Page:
The contractual detail is thrashed out over a number of months with the budget working out as about 50-50 between the BBC and Disney. However, the complexity of the partnership begins to threaten the viability of the production. ‘I remember standing in a field in Norfolk on Christmas Eve discussing matters on a mobile phone,’ says Langridge. ‘I was at a point of saying we would go back to the original cheaper concept.’

In a significant show of trust, however, the green light is given to the show before the contract is complete-and only the terms of agreement are ready. The commercial negotiators, Mary Bredin and Keith Porritt from WDTI and Paul Fagin and Bob Thompson from the BBC, deserve a lot of the credit for making the production happen.

January 1998

Preparation starts. Haddon has already written four scripts. Now, Sperber and Langridge agree on Andy Rowley as the producer. He is exclusively attached to the series, thanks to financial input from Disney. The show’s lead director, Juliet May, is also appointed by mutual consent. A second director, Beryl Richards, is also appointed.

April 1998

Principal photography begins. Sperber and Langridge have shared all creative decision-making on issues such as casting and production design. They claim to have seen eye-to-eye on everything-a key factor in making the series run so smoothly.

June 1998

Shooting begins and runs through until August. Langridge says it’s ‘a tight turnaround. We shot seven to eight minutes a day with kids, animals and effects. The schedule was punishing, and I don’t think we could do it that way again.’ The process is made more bearable by ‘a first-class editor, great cast and producer,’ says Sperber. ‘There was no whining or moaning.’ The production is shot with pace, energy and drive, says Langridge. ‘I had a similar goal to Elaine, which was to shake up BBC children’s drama. We did Microsoap with a single digibeta camera to give it some of that ER feel.’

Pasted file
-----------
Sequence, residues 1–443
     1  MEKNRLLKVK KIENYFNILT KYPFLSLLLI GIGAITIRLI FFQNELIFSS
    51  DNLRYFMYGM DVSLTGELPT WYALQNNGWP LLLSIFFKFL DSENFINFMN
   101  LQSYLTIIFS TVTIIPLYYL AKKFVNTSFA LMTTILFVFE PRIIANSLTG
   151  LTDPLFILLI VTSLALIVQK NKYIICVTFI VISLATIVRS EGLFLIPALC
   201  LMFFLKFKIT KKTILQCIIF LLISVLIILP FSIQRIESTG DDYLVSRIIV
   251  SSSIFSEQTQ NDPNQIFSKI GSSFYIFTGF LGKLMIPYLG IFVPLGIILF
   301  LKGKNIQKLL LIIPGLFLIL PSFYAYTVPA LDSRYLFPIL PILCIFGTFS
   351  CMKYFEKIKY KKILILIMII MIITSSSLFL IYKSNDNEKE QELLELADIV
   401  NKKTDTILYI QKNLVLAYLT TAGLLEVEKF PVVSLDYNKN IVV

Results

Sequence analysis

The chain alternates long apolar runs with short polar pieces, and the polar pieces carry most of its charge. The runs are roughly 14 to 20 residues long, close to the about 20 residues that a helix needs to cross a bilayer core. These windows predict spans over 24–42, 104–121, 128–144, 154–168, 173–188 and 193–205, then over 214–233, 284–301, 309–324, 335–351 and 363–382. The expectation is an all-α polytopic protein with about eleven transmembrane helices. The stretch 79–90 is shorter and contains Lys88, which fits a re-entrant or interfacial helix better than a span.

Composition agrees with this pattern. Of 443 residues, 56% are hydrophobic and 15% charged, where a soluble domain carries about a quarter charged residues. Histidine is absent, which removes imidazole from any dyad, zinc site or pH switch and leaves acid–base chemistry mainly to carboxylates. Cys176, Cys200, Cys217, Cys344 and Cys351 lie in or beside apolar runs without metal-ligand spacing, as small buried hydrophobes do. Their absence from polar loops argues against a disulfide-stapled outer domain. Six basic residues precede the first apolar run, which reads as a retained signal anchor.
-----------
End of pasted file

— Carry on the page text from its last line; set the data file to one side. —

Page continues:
August 1998

The series is nearly complete, and there is a disagreement at last. ‘Richard loved the last episode and I hated it,’ laughs Sperber. ‘But we worked it out between us and came up with something even better.’

Fall 1998

The show broadcasted on the BBC in September, and will begin on Disney’s international channels this month. It will also travel to MIPCOM for its launch to the international market. There are high hopes for its ability to achieve ratings and sales. These two tests will influence any decision on a second series. ‘We both believe that terrific drama travels internationally,’ says Sperber. ‘Rites of passage and families breaking up are cross-cultural phenomena. The key thing for anyone dubbing the series will be to capture the spirit of the show, not its literal translation.’

Evaluating the partnership

Langridge says the co-production worked well, despite his initial concerns about the different corporate cultures of the two organizations. He thinks the benefits will show on the screen with expensive cutaway scenes that couldn’t have been made without a co-production partner.

WDTI’s Snyder calls the co-production ‘a marriage made in heaven.’ He is confident that the two partners will make more shows, though he is skeptical about the wisdom of entering into a three-way co-production. He has also developed other bilateral partnerships with the Australian Children’s Television Foundation to co-produce a drama called Crash Zone and with the CBC in Canada.

Langridge and Sperber have been looking for more projects, and have been exchanging their development slates. Unfortunately, Langridge is moving jobs within the BBC, so his personal chemistry with Sperber will be lost. However, she believes that the experience of the first project will help smooth the path for future ventures with whoever takes up the gauntlet at the BBC.